During the camping season – when school is out and days are longer – it’s easy for families to spend quality time together. But how about in the off-season, when days are shorter, the air chillier, and the pace more hectic?
Incentive to reserve time together may come from an unlikely source: the cold, distant planet Mars. Hear us out!
In a recent TED talk, a spacecraft missions engineer for NASA’s Martian rovers, who guides them remotely from a lab in Los Angeles, discusses the logistics of living and working on “Martian Standard Time” while simultaneously existing on Earth. The Martian day is 40 minutes longer than a day on Earth. This means that the people “working” on this distant planet need to report to work on Earth at the same time every day on Mars. One day that might be 8 am; the next day, 8:40; the day after that, 9:20. It is, says the speaker, “like moving a time zone every day.” Eventually, the dawn of the Martian day will coincide with the middle of the Earth’s night – and the crew will need to report to work at a truly ungodly hour. This forces family life to adjust: foil on the windows, black-out shades, quiet time in the mid-afternoon so Mom or Dad can nap.
The speaker, Nagin Cox, then shared a picture of a NASA director at a beach in Los Angeles with his family at 1 in the morning. Over the school vacation, his entire family had shifted to Mars time. “They had these great adventures,” Cox says, “like going bowling in the middle of the night.” Likewise, once the Mars workday was over, roving packs of NASA-employed “Martians” will cruise the traffic-less freeways to have dinner, or breakfast, at all-night diners.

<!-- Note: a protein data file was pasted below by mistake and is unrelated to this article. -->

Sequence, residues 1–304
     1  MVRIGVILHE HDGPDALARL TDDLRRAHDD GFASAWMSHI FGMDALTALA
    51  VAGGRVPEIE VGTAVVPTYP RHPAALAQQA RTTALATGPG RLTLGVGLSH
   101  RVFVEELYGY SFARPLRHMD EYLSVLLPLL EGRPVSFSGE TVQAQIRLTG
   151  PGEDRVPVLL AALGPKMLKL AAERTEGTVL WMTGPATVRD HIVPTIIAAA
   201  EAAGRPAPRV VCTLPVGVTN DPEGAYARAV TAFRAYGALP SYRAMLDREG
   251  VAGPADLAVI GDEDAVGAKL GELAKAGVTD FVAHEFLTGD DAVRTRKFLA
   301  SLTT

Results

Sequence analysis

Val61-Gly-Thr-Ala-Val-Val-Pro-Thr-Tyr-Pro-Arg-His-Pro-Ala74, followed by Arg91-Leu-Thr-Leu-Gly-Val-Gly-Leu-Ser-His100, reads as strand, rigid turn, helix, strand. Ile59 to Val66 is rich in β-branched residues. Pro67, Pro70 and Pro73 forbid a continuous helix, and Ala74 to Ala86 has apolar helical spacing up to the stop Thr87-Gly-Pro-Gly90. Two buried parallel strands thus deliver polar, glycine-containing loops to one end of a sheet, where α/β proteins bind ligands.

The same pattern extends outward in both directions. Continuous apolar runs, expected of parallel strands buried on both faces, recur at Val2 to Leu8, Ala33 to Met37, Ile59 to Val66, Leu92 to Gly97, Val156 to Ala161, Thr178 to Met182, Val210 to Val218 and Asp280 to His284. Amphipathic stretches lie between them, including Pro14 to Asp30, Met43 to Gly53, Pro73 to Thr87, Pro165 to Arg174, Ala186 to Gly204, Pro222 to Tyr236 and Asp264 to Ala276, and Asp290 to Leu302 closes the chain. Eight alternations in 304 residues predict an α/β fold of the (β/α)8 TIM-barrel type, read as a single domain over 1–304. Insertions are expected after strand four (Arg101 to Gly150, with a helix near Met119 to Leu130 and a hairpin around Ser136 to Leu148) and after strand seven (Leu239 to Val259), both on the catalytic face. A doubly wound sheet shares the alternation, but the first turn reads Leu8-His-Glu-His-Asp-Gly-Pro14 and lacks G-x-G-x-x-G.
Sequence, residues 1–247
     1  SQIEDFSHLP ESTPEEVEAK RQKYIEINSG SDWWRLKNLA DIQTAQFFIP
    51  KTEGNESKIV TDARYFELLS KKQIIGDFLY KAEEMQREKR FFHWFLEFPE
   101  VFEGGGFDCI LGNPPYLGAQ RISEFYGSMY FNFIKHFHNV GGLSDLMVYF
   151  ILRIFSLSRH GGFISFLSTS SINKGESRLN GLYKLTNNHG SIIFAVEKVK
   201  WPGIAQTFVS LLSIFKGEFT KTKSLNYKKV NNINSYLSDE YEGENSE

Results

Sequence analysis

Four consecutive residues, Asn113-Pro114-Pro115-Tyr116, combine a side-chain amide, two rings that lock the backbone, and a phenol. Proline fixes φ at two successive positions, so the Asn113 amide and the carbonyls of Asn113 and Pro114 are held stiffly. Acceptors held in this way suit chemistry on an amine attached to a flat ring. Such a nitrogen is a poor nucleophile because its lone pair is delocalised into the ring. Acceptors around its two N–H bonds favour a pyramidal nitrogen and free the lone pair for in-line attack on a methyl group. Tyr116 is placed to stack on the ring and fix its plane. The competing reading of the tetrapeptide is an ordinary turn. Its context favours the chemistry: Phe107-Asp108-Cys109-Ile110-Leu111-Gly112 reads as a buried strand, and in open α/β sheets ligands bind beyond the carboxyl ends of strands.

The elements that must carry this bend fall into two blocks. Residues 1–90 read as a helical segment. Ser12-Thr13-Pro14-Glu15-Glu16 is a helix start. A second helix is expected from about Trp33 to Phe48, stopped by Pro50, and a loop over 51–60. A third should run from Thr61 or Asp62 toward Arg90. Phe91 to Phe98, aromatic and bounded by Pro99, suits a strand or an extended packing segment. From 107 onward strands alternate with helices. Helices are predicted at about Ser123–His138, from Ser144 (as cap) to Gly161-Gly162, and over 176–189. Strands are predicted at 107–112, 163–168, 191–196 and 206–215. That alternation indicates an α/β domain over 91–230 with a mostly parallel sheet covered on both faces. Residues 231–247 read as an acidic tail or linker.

Having camaraderie and company while living on another planet goes a long way toward countering the grueling physical demands, volatile schedules, and mental isolation of NASA’s Mars mission directors. It may take supreme feats of planning and dedication, but it can be done. And it’s a worthy reminder to really examine our default excuses of “not having enough time” to carve out minutes for the things that really matter—even in the camping off-season. After all, “not enough time” is all a matter of our (Earthly) perspective.
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